Give Your Goals a Glow-Up
To hit your peak in any pursuit, take a little pressure off with this fun mindset-in-action move from global footballer Ada Hegerberg's playbook.
Thanks to selfie culture, most of us have heard of "the golden hour", or the time just after sunrise or before sunset when you can snap pictures with the best natural light (#nofilter). But there are other definitions too. For new mums, it's the first hour of skin-to-skin contact with their baby. And for global football star Ada Hegerberg, it's the casual, off-the-clock session when she gets to fine-tune the fundamentals of her sport—like heading, taking penalties or kicking with her "weaker" foot—typically with her dad and sister.
The 25-year-old Norwegian has been doing the same at-home routine since she was 10 or 11. And even though she's now the leading striker for the world's most dominant team, Lyon, and is the UEFA Women's Champions League all-time top scorer—she says she has no intention of outgrowing it.
Nor should she. It's clearly paying off … but why? Likely because for her, a golden hour is as much psychological as it is physical. And creating your own golden hour can do wonders for you too.
OK, So What Is a Golden Hour?
In psychology, there's no textbook term or definition for a golden hour, which means it sort of gets to be whatever you want it to be. But according to Stephanie Cacioppo, PhD, a neuroscientist, the director of the Brain Dynamics Laboratory at the University of Chicago Pritzker School of Medicine and a Nike Performance Council member, there are a few guidelines that can help you identify a golden hour versus every other hour:
- It has to be intentional, not just another to-do slotted into your calendar.
- It has to be a safe space (no judgement—ahem, that includes from yourself).
- It has to be spent doing something you love that brings you genuine joy, such as a sport; a hobby (like cooking, chess or drawing); or a professional pursuit, like writing a novel.
- It has to focus on polishing your skills (this is what will help you really shine when it matters).
Why You Should Go for the Gold
When done right (more on that shortly), a golden hour can offer perks you're unlikely to get from a regular workout, long run or session with your sketchpad. Like …
1. You can improve on weaknesses.
The more experience you rack up and the more advanced your skill set becomes, the easier it is to forget about the fundamentals, says Christopher Janelle, PhD, a professor and the director of the Performance Psychology Lab at the University of Florida. "Bringing back fundamentals is often the answer to overcoming challenges that may seem bigger and harder than they actually are", he says.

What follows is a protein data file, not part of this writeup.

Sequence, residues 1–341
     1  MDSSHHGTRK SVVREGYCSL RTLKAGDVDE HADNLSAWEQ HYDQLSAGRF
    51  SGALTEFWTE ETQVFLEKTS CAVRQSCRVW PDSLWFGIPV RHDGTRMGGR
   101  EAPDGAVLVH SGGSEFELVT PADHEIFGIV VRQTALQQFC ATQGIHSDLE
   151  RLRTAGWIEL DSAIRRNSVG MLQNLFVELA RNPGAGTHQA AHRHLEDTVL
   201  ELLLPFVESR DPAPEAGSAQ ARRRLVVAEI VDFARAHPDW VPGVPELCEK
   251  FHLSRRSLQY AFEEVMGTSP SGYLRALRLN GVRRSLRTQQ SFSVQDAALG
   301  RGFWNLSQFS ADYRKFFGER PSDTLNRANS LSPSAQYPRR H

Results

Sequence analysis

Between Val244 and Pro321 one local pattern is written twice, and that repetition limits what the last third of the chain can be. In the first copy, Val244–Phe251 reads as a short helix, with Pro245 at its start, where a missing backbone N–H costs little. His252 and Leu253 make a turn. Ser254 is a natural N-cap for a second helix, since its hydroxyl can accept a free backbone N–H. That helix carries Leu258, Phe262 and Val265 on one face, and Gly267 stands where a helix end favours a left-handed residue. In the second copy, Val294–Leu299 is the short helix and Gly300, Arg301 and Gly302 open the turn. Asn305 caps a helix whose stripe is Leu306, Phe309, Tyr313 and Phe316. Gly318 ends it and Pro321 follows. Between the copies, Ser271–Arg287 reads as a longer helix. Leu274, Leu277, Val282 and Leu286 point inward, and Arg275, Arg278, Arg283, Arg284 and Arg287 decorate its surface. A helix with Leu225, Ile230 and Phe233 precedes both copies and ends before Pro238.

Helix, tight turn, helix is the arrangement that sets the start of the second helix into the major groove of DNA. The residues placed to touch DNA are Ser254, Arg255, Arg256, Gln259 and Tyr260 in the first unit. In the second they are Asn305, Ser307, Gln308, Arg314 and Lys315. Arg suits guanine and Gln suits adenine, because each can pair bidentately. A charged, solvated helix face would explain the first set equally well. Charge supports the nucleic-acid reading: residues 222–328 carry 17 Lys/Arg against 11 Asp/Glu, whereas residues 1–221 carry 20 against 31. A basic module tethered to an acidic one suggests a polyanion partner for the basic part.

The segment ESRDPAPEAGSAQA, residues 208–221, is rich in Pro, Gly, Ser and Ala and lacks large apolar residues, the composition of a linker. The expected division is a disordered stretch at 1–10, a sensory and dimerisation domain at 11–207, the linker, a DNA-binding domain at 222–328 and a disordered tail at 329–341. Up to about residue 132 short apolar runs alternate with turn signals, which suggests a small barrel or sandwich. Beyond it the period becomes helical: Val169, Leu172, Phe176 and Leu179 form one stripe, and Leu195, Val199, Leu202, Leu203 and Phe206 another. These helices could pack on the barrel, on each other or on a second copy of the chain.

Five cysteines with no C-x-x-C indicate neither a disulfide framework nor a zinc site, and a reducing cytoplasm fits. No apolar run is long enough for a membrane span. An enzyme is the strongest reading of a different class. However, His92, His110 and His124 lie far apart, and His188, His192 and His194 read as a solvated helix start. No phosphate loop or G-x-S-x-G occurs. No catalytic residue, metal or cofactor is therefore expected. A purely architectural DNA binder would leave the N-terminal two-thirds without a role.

If you're struggling with a certain lift in Cross-Training or a complicated dance combo, for instance, revisiting your foundation during your golden hour can reveal an imbalance or misstep. "It's all about repeating with quality in order to see results", Hegerberg recently told Nike in an interview, and Janelle and Cacioppo agree.
2. You build trust in yourself.
Repetition is huge for developing two mental skills known to boost performance: self-efficacy and confidence. "When you repeat the same movement or habit over and over, you know you can do it because you've practised it so many times. That's self-efficacy, or knowing you'll be successful", says Cacioppo. Self-efficacy drives confidence, which is the ability to believe in yourself. That's crucial when the pressure's on—such as in the moments before taking a penalty. "Confidence provides a buffer against mental or external distractions, effectively clearing your mind so you can focus on the task at hand and ultimately excel at it", explains Janelle.
And if you still screw up or lose? (It happens to all of us, even Hegerberg.) "Your golden hour can serve as an almost tangible reminder that you have put in the work and you can succeed", says Cacioppo. "It's proof that you're showing up, so you can trust you'll only get better".